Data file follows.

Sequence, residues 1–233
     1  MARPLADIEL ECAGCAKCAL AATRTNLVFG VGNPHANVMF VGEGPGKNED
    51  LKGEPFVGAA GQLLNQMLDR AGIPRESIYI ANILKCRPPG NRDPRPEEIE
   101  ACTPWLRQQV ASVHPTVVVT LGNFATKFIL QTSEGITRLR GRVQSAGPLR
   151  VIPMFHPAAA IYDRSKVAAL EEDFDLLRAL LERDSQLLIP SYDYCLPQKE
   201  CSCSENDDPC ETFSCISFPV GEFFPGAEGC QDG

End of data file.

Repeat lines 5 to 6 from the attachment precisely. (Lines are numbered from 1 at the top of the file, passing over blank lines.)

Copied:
   151  VIPMFHPAAA IYDRSKVAAL EEDFDLLRAL LERDSQLLIP SYDYCLPQKE
   201  CSCSENDDPC ETFSCISFPV GEFFPGAEGC QDG